Students feel the effects of policy – but what can they to contribute to it?

As NUS Conference meets in Liverpool, Jim Dickinson reviews the runners and riders for its leadership and the policies to be debated by delegates

Jim is an Associate Editor at Wonkhe

Elected for their two-year terms in the first few weeks of the pandemic, National Union of Students (NUS) President Larissa Kennedy and her de facto deputy Hillary Gyebi-Ababio have worked against the odds to become an impressively difficult-to-dismiss double act.

Back in 2020 Kennedy quickly carved out her role as national student activist-campaigner in chief, while Gyebi-Ababio has become familiar to many in the sector as a serial student committee and panel member – using her infectious influencing skills to challenge sector policy and practice on everything from student housing to freedom of speech.

And they’re off

Four candidates are in the running to replace Kennedy at NUS Conference in Liverpool. Shaima Dallali (City SU) pledges to establish renters unions and calls for rent controls on university accommodation, while Alisa Koester (Aberdeen University SA) talks of celebrating and defending vocational education and the arts and improved mental health and wellbeing support.

Radical Haslam (Man Met SU) calls for a freedom of speech clause in the NUS constitution, and Vaios Koukouletsos (Solent SU) has some of the most creative policy pledges this year, promising to fight for no collection of council tax on students earning less than 27k for two years after graduation, and incentives on employers to hire and support graduates from disadvantaged backgrounds. Who says that the student movement is a monoculture?

In the Vice President (Higher Education) race, Samad Chaudhry (Union of Kingston Students) pledges to campaign for housing guarantors for international students, and Jules Singh (Birmingham Guild of Students) wants to see the costs of dental, eye-care and prescriptions for students cut.

Ayo Ewebiyi (Salford SU) commits to campaigning to reduce or eliminate the interest rate on student loans – demonstrating the tension between the politics of debt and the technicalities of such a pledge only really benefiting rich graduates – while Chloe Field (Liverpool Guild) commits to embedding “person-first, trauma-centred” support for victims of sexual violence on campus. Further vice presidents for liberation and for each of the devolved nations will be elected throughout April.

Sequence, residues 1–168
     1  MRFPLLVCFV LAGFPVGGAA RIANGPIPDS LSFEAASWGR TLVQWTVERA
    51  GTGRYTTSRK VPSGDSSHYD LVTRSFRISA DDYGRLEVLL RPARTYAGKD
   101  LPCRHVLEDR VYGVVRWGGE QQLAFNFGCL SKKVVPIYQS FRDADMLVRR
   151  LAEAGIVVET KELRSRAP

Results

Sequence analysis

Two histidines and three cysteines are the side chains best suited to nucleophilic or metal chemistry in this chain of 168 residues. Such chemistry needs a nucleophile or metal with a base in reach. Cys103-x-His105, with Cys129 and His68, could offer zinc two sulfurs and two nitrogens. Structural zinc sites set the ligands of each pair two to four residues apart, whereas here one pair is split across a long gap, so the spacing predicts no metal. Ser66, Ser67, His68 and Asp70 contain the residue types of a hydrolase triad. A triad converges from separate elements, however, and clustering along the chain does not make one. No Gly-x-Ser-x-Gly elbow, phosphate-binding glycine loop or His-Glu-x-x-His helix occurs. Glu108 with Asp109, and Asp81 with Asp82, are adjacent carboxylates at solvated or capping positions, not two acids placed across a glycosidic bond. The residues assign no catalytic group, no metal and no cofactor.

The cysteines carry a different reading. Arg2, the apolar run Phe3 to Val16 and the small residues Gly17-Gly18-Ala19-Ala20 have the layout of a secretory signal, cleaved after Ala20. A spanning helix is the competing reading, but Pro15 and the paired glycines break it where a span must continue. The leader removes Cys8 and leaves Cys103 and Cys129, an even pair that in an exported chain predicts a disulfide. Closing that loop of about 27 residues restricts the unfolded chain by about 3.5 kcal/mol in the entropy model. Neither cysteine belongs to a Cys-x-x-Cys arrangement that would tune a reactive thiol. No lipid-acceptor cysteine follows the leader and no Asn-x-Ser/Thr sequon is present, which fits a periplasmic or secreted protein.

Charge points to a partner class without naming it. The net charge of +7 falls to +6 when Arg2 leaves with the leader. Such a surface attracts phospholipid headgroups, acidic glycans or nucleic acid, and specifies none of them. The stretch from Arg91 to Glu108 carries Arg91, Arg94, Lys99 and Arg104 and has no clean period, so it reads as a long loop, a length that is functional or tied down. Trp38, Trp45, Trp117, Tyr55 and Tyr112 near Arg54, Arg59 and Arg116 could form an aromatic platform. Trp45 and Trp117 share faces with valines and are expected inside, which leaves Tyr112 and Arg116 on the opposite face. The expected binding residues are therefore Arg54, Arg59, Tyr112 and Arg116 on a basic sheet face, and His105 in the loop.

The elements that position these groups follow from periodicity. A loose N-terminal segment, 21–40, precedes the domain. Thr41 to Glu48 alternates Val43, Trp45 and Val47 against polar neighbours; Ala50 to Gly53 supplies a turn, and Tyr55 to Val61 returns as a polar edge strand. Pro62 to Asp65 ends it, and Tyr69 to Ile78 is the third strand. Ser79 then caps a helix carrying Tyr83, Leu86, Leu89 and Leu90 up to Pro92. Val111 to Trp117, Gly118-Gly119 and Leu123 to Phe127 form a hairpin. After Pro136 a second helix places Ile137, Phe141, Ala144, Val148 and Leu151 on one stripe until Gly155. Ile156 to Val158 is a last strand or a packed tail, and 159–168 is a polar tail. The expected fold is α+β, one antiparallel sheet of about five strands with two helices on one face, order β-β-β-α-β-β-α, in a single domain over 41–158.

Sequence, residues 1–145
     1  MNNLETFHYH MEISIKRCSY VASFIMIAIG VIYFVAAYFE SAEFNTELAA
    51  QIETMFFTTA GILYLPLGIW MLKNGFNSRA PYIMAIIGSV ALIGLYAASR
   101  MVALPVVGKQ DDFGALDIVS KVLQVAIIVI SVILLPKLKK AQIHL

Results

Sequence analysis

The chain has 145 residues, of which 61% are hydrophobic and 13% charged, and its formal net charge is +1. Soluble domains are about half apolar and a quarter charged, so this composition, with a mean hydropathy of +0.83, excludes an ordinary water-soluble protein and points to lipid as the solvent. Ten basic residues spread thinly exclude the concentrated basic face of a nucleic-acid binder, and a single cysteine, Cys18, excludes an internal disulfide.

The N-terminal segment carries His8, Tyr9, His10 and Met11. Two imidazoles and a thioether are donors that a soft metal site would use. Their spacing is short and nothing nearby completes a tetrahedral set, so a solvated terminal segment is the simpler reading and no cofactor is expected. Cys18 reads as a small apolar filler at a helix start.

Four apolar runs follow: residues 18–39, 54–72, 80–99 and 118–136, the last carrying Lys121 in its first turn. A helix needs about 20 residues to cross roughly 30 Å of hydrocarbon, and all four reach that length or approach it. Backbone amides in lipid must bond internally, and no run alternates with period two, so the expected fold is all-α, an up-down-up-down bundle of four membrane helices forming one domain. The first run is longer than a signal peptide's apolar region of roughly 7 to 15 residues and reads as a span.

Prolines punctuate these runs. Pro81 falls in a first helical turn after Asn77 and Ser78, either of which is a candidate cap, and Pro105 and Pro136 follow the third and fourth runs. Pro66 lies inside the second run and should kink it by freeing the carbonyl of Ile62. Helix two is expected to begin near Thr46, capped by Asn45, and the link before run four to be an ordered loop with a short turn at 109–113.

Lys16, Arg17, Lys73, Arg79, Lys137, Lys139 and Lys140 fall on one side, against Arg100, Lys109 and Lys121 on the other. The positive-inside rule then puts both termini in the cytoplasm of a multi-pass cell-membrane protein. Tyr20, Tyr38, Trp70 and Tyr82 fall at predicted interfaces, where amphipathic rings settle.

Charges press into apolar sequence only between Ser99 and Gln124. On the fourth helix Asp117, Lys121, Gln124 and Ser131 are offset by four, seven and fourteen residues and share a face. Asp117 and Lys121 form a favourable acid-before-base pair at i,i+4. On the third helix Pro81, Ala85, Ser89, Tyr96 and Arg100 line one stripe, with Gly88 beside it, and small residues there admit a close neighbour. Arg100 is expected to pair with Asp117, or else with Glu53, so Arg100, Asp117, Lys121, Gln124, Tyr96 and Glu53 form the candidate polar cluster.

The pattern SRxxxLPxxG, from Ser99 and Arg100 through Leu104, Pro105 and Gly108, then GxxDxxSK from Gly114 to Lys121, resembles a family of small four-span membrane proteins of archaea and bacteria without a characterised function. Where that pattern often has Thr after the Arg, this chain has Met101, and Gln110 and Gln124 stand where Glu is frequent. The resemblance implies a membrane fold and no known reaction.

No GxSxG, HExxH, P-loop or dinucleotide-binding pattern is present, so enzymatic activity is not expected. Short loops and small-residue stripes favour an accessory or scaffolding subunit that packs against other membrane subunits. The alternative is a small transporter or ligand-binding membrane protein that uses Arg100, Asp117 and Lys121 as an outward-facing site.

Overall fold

The toad under the harrow

For readers who might have attended the event in their youth, the event in Liverpool is very much not your dad’s NUS Conference. Reflecting a tough few years for its finances, a much shorter and less factional event will debate just six policy statements covering fees and funding, access, gender-based violence, student housing, international students, a “new vision” for education, and an emergency statement on international solidarity in light of the situation in Ukraine. Yet there’s no shortage of pointed observations and interesting ideas.

Fight for funds notes that after tuition fees, an average postgraduate student receiving the maximum loan from Student Finance England to study a Masters’ in the UK has just £2,830 to pay for rent, bills, food and other expenses for the year. The international student experience calls on universities to put more emphasis on activities that encourage mixing of different student groups, whilst recognising the additional struggles that international students face.

Making university accessible warns that the Office for Students’ value for money proposals universities might cause some to recruit fewer students from social backgrounds “defined as having a higher propensity to drop out of university”. And New Vision for Education argues that students’ collective power is “relegated to ‘consultation’ through heavy institutional bureaucracy” which it says “actively isolates elected officers from those they represent and makes pushing for change highly inaccessible for most students”.

This is not a new tune – throughout its 100 years, student representatives have frequently clashed on the tactics to be deployed by their national union. Some argue that lobbying and influencing work over policy represents dangerously polite acquiescence – others regard demonstrations and occupations as capitulation that allows the student voice to be dismissed.

Back in 1954, Education Minister Francis Horsbrugh took the view, shared by most of her civil servants, that speaking to NUS would open the floodgates to meeting other groups – in the words of one of her officials NUS was “like the toad under the harrow they feel the effects of policy but have nothing at all to contribute to it”. The NUS President of the day, Fred Jarvis, was one of the few throughout its history that managed to avoid the twin trap chiches of aggressive campaigning or passive lobbying – developing an impressively assertive yet radical relationship with Conservative education minister David Eccles over student finance policy.

Accepting that the loud, and frequently critical “organised expression” of students has something important to add to the policy process requires skill, tenacity and empathy on the part of both student leaders and those currently in charge of higher education both locally and nationally. Delegates will be hoping that Michelle Donelan and Nadhim Zahawi are open to evidence, ideas and ideological critique.

We say it every year, but it deserves saying again – while the press will pick up on jazz hands and exhortations to use neutral gender pronouns, the reality is that there are very few organisations in the UK where the leading candidates for leadership positions are more often than not people of colour, women, disabled and or LGBT+, and fewer still where that will feel entirely normal to participants at the conference. Long may it continue.

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